In a similar manner, if the current through conductors 18 were reversed from the direction indicated in FIG. 3, upper pole tip 20 would become a south pole while lower pole tip 22 would become a north pole. This would cause a fringe field to form in gap 24 with a magnetic field in a direction from lower pole tip 22 to upper pole tip 20. Thus it is possible by modulating the flow of the electrical current through conductors 18 to modulate the magnetization of upper pole tip 20 and lower pole tip 22. Gap 24 between upper pole tip 20 and lower pole tip 22 causes a fringe field to extend beyond the region of gap 24. When a magnetic storage medium such as a magnetic disk or a magnetic tape is placed in this fringe field, information may be recorded by impressing a magnetic field upon the medium through the fringe field associated with thin film head 12. Similarly, magnetization patterns impressed upon a storage medium passing through the fringe field region of thin film head 12 cause an electrical current to flow through conductors 18 such that the stored information may be recovered.

FIG. 4 shows thin film head 12 of FIG. 3 including arrows 15A, 15B and 15C indicating the direction of the magnetization vectors M in the magnetic domains across upper pole piece 14. Solid arrows 15A in FIG. 4 indicate the direction of a magnetic domain's easy axis. Lines 17 in FIG. 4 separating two adjacent magnetic domains indicate the domain walls. Solid arrows 15A show the direction of the magnetization vector M in the relaxed state of thin film head 12 along the easy axis of head 12. Small arrows 15B along the edge of upper pole piece 14 shown in FIG. 4 indicate the magnetization vector in the closure domains. Closure domains complete the magnetic circuit between adjacent opposing domains. As electrical current is caused to flow through conductors 18 in the direction indicated, the directions of the magnetization vector M of the domains in upper pole piece 14 are deflected away from the easy axis as shown by arrows 15C formed by the dashed lines. It is this deflection that causes north and south poles to form at upper pole tip 20 and lower pole tip 22, respectively.

In the present invention, domain wall jumping is limited by manufacturing a thin film magnetic read/write head having a reduced number of magnetic domains and their corresponding domain walls. FIG. 5 shows a thin film head 19 having an improved upper pole piece, laminated upper pole piece 21 in which there is a single magnetic domain. Solid arrows 15A shown in FIG. 5 again represent the direction of the relaxed magnetization of upper pole piece 15 along the easy axis. Laminated pole piece 21 has no closure domains. Instead, the magnetization vectors curve around the edge of pole piece 21. The dashed arrows represent the resultant magnetization M due to an electrical current applied to conductors 23 in the direction indicated. During the read and write operations, head 19 in FIG. 5 having laminated pole piece 21 operates in a manner similar to that described above for head 12 in FIG. 4 having upper pole piece 14 with multiple magnetic domains.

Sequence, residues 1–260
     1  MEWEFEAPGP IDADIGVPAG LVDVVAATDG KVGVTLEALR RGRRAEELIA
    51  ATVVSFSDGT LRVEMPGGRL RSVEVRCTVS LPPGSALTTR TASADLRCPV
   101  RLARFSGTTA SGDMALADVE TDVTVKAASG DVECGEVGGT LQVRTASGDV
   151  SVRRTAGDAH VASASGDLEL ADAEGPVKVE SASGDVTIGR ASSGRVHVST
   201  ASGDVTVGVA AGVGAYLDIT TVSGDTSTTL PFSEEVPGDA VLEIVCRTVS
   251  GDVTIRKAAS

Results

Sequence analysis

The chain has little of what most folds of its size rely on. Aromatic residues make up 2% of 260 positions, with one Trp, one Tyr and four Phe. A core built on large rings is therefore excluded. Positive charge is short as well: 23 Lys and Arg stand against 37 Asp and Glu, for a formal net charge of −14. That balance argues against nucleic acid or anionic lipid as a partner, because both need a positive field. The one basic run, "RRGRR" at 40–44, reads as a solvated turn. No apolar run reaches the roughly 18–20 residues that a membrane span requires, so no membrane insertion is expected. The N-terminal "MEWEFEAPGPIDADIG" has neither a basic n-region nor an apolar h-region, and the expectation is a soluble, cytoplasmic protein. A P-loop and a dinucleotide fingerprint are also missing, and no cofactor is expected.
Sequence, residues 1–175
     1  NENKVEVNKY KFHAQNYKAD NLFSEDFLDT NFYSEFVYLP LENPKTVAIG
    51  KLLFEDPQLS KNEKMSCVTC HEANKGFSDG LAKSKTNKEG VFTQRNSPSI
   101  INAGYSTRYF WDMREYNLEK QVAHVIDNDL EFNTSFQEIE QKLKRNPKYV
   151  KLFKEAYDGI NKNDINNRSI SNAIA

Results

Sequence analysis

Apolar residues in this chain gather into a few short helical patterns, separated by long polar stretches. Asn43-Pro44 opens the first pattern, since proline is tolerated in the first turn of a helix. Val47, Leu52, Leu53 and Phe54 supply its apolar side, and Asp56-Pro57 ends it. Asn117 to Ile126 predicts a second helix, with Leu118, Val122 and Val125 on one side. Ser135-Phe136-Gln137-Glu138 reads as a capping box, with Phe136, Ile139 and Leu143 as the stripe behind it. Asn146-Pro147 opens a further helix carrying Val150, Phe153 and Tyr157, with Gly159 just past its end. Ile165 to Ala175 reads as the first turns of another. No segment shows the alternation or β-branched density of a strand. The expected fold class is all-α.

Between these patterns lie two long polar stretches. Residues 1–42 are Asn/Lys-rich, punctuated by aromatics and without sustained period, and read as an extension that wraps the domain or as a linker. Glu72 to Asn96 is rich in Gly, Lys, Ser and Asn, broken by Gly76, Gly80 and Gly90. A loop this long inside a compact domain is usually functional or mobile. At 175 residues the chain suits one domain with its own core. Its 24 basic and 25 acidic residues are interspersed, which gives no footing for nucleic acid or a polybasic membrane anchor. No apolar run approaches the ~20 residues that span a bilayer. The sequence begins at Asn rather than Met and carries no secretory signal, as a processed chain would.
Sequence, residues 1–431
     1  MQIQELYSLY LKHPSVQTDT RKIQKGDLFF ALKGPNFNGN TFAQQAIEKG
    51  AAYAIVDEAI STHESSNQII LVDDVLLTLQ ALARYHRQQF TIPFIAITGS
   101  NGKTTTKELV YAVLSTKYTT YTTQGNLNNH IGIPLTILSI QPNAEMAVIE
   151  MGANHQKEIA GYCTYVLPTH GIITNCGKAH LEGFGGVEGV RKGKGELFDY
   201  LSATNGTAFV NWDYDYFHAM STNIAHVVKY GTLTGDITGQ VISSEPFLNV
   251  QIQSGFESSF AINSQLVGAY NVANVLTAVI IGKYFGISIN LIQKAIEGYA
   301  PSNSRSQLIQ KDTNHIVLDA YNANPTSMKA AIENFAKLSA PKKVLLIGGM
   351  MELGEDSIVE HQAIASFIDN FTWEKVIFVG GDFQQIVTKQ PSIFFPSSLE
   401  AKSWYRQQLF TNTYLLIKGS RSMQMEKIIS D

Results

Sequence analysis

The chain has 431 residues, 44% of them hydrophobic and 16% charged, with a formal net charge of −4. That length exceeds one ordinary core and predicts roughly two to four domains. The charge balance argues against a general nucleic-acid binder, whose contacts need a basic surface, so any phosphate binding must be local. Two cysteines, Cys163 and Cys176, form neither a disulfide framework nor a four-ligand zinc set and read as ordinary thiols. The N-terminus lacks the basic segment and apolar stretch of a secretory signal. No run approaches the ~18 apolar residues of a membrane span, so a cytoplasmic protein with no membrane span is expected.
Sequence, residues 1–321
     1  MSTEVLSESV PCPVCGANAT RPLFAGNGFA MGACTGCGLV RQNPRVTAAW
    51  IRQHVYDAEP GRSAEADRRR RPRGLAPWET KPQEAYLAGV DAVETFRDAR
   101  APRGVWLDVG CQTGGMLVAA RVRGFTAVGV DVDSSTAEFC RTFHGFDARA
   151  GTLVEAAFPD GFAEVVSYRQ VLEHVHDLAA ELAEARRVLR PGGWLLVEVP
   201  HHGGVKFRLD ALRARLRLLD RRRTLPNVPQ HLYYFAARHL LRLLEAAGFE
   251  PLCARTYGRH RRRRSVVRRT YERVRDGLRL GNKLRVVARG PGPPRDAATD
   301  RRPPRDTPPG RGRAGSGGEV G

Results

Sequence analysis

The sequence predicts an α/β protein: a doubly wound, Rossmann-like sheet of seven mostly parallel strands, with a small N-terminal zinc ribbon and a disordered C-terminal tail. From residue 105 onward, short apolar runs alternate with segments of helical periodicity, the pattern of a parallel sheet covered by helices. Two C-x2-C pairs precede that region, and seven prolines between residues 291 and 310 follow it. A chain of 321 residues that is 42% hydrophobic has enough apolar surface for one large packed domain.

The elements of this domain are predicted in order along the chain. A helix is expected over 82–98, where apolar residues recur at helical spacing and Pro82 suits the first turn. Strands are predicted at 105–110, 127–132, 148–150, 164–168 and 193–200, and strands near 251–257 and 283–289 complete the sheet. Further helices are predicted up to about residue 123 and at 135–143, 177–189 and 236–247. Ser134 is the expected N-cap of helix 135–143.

The present invention relates to an improved lamination for forming upper and lower pole pieces in thin film head 19.

FIG. 6 shows a cross sectional view of a laminated thin film magnetic head 19 of FIG. 5. Thin film head 19 includes base or "flyer" substrate 25 and pole pieces or core 13. Flyer substrate 25 may comprise, for example, ALSIMAG material. Core 13 comprises laminated upper pole piece 21 and laminated lower pole piece 27. Laminated upper pole piece and lower pole piece portions 21 and 27 include upper pole tip 20 and lower pole tip 22, respectively, between which gap 24 is formed. Core 13 also includes laminated rear upper portion 26 and laminated rear lower portion 28. Upper pole piece and lower pole piece 21 and 27 and rear upper and lower portions 26 and 28 of core 13 meet at center area or "via" 30 in FIG. 6 (not shown in FIG. 5). The pole pieces of core 13 are laminated in accordance with the present invention.

Also shown in FIG. 6 are lamination layers 50-60. Lamination layer 50 comprises nickel iron, layer 52 comprises nickel phosphorus, and layer 54 comprises nickel iron. Lamination layer 56 comprises nickel iron, layer 58 comprises nickel phosphorus and layer 60 comprises nickel iron. The deposition techniques used in forming these lamination layers are described below in more detail.

Thin film head 19 of FIG. 6 uses two core windings formed by conductors 23 and 34. Conductors 23 and 34 are formed in a coil around the center or via 30 of core 13 with a portion of the wrapping being sandwiched between laminated upper pole piece and laminated lower pole piece 21 and 27 of core 13 and a portion of the wrapping sandwiched between laminated rear upper and lower portions 26 and 28 of core 13. Core 13 is separated from substrate 25 by base coat 36. Typically, base coat 36 is an insulator such as alumina (Al2 O3). The area between laminated upper pole piece 21 and lower pole piece is filled with an insulating material 38. Typically, insulating material 38 is photoresist. Gap 24 between upper pole tip 20 and lower pole tip 22 is filled with alumina, Al2 O3. Insulating material 38 is also sandwiched between rear upper and lower portions 26 and 28 of core 13.